The current political situation is creating new openings to collect a bigger revolutionary vanguard in Australia, and the proposal is a response to new conditions.

The upsurge of global protest after Seattle 1999 was an expression of a severe crisis of legitimacy of neo-liberal globalisation. After a quarter of a century of social and ecological vandalism, the free-market rhetoric and the promises of "globalisation" had worn thin around the world. The imperialist ruling class feared the potential influence of the new movement on the working class.

In Australia, the turning point in the cycle of struggle was 1998, when two outbreaks of discontent with economic neo-liberalism broke out: Hansonism on the racist-populist right and the campaign of solidarity with the Maritime Union of Australia (mua) under attack from the balaclava-clad thugs hired by Patrick Stevedoring, backed by the Howard government.

Hansonism shocked broad layers of democratic and liberal-minded people while sparking popular discussion of politics not seen for years. Whether you were on a bus, a train or in a shop, there was someone talking about Pauline Hanson and what she stood for. There was something exciting if foreboding in that.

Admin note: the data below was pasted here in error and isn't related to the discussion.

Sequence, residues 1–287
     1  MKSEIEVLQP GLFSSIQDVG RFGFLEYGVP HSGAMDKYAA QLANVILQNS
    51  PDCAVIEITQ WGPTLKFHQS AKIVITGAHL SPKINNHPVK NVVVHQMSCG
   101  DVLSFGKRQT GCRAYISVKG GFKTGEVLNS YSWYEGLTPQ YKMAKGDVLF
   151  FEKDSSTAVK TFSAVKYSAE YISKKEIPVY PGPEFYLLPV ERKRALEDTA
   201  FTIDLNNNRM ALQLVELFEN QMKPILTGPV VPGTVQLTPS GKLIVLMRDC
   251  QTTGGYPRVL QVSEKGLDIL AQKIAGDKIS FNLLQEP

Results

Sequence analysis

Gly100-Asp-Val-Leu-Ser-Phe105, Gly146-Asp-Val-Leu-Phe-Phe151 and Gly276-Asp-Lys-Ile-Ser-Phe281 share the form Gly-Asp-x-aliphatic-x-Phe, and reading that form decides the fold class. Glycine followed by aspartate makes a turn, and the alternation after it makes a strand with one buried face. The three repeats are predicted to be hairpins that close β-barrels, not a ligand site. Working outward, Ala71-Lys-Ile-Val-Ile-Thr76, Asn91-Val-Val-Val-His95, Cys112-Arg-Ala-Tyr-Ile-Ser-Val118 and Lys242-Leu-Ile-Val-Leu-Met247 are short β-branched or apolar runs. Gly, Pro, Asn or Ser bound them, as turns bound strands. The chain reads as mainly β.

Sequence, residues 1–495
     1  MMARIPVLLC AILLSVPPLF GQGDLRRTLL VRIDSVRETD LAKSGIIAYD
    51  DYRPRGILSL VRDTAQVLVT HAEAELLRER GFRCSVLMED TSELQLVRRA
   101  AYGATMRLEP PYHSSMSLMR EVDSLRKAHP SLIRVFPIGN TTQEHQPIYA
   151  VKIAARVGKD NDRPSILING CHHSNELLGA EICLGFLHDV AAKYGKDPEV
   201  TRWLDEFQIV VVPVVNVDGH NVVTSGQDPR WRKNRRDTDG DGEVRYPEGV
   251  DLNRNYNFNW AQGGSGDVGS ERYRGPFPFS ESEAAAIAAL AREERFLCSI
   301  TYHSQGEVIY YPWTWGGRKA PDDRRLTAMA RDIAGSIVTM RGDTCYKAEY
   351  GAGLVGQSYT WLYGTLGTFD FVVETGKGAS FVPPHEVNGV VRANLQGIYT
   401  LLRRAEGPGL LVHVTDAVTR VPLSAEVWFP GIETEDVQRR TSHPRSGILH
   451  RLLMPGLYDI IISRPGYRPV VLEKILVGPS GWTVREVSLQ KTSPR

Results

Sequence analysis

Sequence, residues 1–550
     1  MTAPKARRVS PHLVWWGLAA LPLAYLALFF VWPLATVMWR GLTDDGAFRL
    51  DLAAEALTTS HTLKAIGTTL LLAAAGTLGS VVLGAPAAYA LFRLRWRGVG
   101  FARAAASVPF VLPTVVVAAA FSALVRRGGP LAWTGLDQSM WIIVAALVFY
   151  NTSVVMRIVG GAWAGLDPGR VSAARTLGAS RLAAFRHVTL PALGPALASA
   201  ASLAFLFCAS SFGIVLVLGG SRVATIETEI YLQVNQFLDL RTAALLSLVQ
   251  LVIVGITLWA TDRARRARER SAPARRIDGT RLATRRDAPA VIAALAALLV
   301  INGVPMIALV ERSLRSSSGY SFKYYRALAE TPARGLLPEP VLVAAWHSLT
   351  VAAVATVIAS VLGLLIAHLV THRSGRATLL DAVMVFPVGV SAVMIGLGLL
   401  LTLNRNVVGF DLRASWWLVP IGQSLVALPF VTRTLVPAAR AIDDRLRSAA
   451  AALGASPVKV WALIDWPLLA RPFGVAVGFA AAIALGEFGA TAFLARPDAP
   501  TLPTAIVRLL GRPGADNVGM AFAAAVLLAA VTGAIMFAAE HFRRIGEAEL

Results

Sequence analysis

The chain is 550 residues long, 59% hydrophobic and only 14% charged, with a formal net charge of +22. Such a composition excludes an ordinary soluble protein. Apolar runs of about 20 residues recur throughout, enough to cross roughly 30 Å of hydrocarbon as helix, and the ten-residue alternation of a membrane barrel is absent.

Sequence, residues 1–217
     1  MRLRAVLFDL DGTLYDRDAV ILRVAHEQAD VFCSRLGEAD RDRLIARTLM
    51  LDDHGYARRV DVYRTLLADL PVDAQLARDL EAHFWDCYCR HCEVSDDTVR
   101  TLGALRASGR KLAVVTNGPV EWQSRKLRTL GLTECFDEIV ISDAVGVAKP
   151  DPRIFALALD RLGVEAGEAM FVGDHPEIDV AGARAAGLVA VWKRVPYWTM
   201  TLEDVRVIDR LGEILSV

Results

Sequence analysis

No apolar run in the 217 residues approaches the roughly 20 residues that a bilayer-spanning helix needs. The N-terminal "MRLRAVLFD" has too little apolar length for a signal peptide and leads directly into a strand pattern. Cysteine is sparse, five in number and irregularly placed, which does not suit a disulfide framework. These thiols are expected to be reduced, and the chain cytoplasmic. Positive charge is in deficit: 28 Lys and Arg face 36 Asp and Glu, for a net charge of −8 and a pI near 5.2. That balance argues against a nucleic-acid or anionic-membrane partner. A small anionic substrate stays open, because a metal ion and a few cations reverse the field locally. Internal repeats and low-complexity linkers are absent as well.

But then the explosion of working-class and broader community solidarity with the mua made even bigger waves. There were people everywhere who supported the picket lines, but the unions that distinguished themselves were the Amalgamated Metal Workers Union and Construction, Forestry, Mining and Energy Union in Victoria. In the end, the mua took serious losses, partly because its leadership (and the actu) was not really up for the fight, but there was a broader political victory for the working class. The ruling class in Australia was forced to recognise that such direct attacks on unions risked wider class resistance than it expected.

However, by and large, the working class in the imperialist countries is still in retreat. Further, after the September 11, 2001, terrorist attacks in the usa, the imperialists launched a new, racist "anti-terrorist" war drive aimed at driving a wedge between the workers in the imperialist countries and the masses in the semi-colonial countries.

A layer of newly radicalised activists has joined re-inspired older activists in a new cycle of protest. These radicalised layers are very interested in real steps towards left regroupment and unity. Our estimate is that, by making the Socialist Alliance the party we build today, we will gather more of the class-conscious vanguard of the working class and increase its ability to link up with the broadest masses.

Already, several times more than the combined membership of the organised revolutionary groups in this country have joined the Socialist Alliance. Moreover, among those who joined were some natural leaders of the working class who had distinguished themselves in a series of working-class struggles since 1998. As attacks on the militant union minorities escalated in 2002, the number of such people turning to the Socialist Alliance grew.